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Umair Rehman

Spring was the season of green mountains and meadows, blushing and an expanse of yellow
mustard flowers in the fields around our village. O’ Kashmiri mornings are full of activity. I
would wake up to the banging of utensils in the kitchen and the sounds of chicken running
around in the courtyard after my grandfather let them out of their coop. I and my cousins used
to go for the bath at my local watercourse named as SONAMUN, where we ought to enjoy the
coolness of this very fresh water. And make ourselves ready for the whole busy schedule which
we met during the whole school day. This very coolness and freshness lasted for the whole day.
This was our usual and habitual habitude in order to equip ourselves. But one day things
changed from customarily, that on 2
nd April 2002, all the children went to school with hustle
and bustle with their beautiful uniform. It was a sunny day, I too went towards my Dream
school with pristine look. As usual we gathered in assembly meeting and make queues in a
sequential way and offered prayers in a high tone. After finishing the said assembly we being
set foot in our respective classes. In a frequent way we completed our first class. After a 40
minutes of duration, our second class commenced, the concerned teacher was our Science
teacher Mr Sheeraz Ah Mantoo (nowadays a Govt. Teacher). Henceforth, the said teacher told
us to open our book of Science. I have sharp remembrances still that we had a chapter
regarding” Communicable diseases” As we just began our reverie, in the meantime I started
intoning the word. As I voiced the word in high tone and expressed its pronunciation
GASTROENTERTIES, a tectonic sound crumped “Ticchue” i.e. A big explosive sound of fire. I have
still clear reminisce of the shout that resonated and reverberated the entire class rather whole
building by my one of female classmate (name not mentioned/she is now married).As the gun
battle was going on, we were still fishy about the firing. It was seeming it is transpiring in our
school. All-around a pin-drop silence betided. Curfew like situation came into action. We were
so antsy, the girls fainted with terror and we gathered all the students and staff members in the
primary building of the said school. There were only hue and cry, bawling, shouting and shrieks
inside the room mostly. Homecomings were fraught with danger. Every corner of building was seeming to jeopardize us. The shades of death were meandering towards us. Pulse rate was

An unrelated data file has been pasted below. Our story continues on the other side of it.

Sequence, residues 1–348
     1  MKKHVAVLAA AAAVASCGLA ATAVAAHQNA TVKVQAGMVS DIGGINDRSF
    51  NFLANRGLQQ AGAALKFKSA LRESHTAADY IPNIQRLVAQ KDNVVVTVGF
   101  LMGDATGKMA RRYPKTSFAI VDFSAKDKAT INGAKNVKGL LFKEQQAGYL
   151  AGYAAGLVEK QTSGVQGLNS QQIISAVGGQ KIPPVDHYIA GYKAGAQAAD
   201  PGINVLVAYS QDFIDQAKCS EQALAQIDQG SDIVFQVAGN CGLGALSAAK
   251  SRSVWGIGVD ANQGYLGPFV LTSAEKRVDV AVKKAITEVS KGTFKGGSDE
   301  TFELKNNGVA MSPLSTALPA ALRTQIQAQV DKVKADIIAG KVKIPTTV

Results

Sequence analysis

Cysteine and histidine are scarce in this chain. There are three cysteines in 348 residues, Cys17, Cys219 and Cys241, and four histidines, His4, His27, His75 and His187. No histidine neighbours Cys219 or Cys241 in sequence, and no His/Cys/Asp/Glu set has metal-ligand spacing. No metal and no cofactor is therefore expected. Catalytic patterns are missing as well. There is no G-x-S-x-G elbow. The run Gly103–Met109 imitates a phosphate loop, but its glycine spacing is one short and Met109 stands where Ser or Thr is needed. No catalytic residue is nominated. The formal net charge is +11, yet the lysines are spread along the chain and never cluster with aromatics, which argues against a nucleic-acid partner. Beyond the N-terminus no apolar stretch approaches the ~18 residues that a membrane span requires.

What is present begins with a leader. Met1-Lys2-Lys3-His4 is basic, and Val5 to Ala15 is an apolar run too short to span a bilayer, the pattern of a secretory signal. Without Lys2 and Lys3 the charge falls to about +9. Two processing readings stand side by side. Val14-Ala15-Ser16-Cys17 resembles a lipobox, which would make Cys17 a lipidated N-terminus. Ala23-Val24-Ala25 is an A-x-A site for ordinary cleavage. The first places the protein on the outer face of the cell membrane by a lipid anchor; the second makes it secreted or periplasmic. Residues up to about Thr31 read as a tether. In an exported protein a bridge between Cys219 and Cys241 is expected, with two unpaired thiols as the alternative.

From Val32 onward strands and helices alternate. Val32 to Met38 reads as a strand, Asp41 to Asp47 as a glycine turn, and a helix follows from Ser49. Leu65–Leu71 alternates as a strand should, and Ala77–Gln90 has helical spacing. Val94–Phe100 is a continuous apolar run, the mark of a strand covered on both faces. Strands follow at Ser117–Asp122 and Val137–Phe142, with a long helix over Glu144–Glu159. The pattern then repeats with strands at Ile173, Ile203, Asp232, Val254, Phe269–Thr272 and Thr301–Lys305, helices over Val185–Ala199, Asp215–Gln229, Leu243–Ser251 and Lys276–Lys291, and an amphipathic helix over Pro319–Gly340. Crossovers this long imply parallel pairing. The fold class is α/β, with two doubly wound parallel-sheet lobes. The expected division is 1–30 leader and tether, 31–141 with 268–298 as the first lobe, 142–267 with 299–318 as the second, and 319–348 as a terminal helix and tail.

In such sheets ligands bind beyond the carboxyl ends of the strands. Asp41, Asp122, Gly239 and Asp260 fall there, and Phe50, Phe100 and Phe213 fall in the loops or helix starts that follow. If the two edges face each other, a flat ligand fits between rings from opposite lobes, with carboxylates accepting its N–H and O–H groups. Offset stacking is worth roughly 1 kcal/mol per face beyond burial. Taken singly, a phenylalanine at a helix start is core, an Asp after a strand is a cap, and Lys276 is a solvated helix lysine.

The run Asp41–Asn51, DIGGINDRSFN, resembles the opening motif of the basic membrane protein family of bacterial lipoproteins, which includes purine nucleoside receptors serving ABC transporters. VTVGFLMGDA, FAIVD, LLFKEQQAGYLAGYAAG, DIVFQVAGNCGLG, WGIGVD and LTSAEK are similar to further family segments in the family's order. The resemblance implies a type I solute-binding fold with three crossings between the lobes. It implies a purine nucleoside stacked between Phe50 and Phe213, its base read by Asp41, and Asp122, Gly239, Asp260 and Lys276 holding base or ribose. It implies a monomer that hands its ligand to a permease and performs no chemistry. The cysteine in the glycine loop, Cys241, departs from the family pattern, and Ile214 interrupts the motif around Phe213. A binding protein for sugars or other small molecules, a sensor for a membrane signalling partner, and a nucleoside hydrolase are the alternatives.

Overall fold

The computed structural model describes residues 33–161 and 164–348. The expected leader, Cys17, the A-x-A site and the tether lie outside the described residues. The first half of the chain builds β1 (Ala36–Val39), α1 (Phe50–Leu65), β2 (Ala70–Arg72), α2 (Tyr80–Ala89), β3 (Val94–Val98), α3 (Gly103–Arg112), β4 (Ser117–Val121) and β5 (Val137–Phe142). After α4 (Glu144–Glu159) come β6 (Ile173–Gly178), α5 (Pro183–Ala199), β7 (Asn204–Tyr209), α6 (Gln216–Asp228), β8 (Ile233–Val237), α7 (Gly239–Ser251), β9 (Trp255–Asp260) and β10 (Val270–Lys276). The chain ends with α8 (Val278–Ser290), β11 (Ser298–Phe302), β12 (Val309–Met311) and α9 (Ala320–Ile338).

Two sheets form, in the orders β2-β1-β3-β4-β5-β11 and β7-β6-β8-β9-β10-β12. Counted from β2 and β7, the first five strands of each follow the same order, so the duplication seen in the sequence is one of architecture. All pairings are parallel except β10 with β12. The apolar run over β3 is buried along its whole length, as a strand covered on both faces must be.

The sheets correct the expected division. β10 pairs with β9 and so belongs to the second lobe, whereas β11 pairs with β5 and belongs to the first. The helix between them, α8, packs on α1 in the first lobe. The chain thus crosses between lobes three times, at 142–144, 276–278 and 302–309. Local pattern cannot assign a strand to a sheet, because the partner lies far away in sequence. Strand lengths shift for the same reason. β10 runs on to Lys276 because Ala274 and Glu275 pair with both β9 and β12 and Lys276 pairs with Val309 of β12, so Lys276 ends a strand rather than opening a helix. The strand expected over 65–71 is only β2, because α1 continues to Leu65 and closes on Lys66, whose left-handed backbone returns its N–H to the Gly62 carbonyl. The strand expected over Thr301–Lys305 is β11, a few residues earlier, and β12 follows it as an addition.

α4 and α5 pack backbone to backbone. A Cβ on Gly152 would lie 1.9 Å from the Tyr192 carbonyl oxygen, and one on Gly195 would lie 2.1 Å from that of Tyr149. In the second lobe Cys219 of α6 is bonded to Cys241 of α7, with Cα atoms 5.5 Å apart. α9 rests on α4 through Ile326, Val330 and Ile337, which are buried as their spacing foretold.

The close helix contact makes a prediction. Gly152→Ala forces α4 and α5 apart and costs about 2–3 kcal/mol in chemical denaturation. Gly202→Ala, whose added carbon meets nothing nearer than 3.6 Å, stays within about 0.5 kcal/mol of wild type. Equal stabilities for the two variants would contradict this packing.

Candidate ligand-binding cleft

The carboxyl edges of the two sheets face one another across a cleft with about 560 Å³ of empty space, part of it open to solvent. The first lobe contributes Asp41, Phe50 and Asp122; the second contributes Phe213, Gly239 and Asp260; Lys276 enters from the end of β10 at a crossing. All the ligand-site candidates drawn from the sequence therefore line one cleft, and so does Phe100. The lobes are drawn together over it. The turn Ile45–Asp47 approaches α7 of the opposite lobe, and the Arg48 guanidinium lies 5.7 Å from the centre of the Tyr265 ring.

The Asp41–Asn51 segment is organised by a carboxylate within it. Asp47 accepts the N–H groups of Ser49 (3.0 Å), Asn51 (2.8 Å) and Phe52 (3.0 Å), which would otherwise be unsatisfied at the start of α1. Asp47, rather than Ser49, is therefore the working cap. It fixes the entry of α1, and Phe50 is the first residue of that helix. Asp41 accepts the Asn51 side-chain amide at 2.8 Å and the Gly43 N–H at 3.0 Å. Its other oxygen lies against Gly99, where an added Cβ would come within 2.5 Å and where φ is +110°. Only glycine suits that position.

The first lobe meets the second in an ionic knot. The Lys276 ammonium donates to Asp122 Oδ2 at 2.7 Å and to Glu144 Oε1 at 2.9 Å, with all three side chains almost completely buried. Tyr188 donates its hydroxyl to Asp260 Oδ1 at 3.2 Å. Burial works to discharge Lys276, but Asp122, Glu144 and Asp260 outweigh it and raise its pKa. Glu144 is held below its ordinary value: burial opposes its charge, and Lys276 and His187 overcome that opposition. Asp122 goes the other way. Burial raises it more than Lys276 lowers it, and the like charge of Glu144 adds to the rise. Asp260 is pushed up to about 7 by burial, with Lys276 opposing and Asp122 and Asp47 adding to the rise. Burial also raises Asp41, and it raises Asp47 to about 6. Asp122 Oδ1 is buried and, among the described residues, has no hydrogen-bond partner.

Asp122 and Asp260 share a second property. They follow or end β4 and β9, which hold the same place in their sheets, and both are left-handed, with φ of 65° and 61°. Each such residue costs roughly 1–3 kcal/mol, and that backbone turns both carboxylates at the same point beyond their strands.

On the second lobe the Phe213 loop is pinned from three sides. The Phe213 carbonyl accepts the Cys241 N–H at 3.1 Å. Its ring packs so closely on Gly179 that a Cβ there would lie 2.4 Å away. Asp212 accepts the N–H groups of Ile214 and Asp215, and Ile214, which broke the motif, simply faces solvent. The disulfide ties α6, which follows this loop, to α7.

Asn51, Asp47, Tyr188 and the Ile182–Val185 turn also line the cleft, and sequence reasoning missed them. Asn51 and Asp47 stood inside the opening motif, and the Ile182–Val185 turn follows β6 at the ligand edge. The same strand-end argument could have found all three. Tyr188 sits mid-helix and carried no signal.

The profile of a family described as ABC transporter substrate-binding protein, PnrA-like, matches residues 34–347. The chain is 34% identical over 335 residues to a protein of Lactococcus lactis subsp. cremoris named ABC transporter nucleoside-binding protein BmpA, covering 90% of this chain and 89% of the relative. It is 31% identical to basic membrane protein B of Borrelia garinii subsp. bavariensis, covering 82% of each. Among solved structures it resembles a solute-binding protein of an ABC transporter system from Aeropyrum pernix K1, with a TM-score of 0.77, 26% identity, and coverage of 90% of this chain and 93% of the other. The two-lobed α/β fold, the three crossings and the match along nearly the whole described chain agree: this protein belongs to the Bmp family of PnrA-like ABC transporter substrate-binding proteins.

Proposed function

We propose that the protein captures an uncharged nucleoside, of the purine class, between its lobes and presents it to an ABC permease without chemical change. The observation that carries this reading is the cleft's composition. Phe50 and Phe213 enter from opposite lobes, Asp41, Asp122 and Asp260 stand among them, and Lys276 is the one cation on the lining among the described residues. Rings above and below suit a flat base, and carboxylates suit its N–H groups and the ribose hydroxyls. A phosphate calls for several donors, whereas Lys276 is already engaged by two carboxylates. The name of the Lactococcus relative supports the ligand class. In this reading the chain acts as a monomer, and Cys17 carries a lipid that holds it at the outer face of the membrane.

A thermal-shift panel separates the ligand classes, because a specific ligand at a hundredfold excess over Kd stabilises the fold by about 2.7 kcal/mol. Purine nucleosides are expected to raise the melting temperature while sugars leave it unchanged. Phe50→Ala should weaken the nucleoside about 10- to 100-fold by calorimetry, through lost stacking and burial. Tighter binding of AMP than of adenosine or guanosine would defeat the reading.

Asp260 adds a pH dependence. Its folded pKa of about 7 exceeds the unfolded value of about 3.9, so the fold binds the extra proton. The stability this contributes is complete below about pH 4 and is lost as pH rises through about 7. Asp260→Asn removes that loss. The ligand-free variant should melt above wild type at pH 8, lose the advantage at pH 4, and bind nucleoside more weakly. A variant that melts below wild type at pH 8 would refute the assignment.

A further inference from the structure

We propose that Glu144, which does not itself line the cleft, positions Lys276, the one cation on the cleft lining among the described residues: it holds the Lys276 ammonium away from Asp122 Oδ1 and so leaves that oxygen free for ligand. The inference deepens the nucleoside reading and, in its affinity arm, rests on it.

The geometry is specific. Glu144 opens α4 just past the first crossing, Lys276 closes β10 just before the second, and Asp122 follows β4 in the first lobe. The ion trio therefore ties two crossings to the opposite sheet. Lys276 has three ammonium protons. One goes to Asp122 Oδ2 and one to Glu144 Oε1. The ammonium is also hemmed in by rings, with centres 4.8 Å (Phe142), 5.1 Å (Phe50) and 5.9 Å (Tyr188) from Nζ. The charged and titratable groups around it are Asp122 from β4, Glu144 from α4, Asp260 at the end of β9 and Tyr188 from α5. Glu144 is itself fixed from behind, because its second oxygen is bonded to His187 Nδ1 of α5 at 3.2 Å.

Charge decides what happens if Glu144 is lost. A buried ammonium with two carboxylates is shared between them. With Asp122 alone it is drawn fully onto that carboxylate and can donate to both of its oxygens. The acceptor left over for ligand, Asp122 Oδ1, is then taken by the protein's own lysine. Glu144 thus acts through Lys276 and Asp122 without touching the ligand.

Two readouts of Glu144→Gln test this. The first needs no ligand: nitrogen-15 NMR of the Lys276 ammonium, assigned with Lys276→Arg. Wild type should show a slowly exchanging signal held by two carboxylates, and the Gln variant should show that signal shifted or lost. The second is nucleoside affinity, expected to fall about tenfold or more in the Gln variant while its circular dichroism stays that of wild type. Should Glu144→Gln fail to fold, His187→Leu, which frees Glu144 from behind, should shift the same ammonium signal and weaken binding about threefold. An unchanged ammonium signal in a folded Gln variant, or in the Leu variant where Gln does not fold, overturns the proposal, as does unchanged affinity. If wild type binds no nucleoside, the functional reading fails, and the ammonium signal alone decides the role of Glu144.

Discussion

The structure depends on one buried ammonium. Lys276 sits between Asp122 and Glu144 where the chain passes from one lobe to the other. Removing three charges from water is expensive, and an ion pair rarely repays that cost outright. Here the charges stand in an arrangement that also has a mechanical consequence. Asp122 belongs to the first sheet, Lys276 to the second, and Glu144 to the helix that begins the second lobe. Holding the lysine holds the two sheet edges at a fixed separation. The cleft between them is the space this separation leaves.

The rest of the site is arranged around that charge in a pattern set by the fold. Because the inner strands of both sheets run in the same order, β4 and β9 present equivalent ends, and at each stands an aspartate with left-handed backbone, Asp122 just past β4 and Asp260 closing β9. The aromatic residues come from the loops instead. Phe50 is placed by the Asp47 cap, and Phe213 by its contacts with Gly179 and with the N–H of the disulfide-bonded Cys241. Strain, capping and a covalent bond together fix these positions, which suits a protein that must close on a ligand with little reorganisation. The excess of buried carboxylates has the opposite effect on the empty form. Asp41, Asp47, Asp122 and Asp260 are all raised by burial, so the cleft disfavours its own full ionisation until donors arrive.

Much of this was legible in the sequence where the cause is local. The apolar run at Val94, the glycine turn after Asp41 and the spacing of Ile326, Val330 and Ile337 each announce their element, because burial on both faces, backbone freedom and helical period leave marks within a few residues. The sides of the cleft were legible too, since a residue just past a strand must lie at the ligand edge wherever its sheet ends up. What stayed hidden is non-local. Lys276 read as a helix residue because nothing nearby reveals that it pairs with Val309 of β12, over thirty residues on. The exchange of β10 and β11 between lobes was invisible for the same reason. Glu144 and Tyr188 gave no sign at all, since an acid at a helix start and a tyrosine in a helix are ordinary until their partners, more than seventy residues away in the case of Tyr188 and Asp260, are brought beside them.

unconstrained. Death was seeming certain. Although, we were hushed and piped down to be
silent but our fettle was expressing the glazes of death coming soon. As the barrel of gun was
triggering the barrage of bullets, I was burring my head in my knees and close my eyes. I feared
that we soon might be in killing range of an LMG, the lighter sounds of Kalashnikovs retaliatory
bursts were increasing the sound of barrage of bullets. We were so fainted that micturition
became will-less. We had the corridor adjacent to classroom that was used for coerced
micturition, after the barrage of bullets it intensified the worst. The said corridor converted into
lavatory became filled with urine, that depicted a great strangle. In the meantime, a big bang!
And then another- the sound of a Kalashnikov, like a much amplified version of throwing a hard
plastic cricket ball against a concrete wall. Rapid, continuous bursts followed. ’Kalashnikov!’
Girls shouted the obvious. And then louder, retaliatory bursts of LMGs seeming positioned
behind the boundary of school. ’That is an LMG burst!’ we listened to the varying sounds of
gunfire, and I continued trying to tell the make of the gun being fired from the sounds we
heard-Kalashnikov, self-loading rifle, LMG. There was an element of adventure, thrill. But within
a few minutes the gunfire turned very intense and the school flow of menace augmented into
more fear. We all of us whispered the prayer from the Quran which is being read in the times of
imperilment. I chimed the prayer known Aayat-ul-Kursi or the Verse of the Throne. The row of
green-roofed park, white walled lines of popular trees, our volleyball ground, were glowing in
nature but the rough music of gunfire played on, I was indifferent to it. A boom would sound
and a sun would rise, exploding in a blinding flash of light. I stood in a daze by the window and
stared at the sky: a thousand small terror have grouped to be blooming. The attack in action
rattled the whole village.

(This is the real documented story which befell during my school days. This very story, I have now authored in an episodic etiquette)

(To be continue)
(The author is a blogger, columnist and a Software Engineer, and may be mailed

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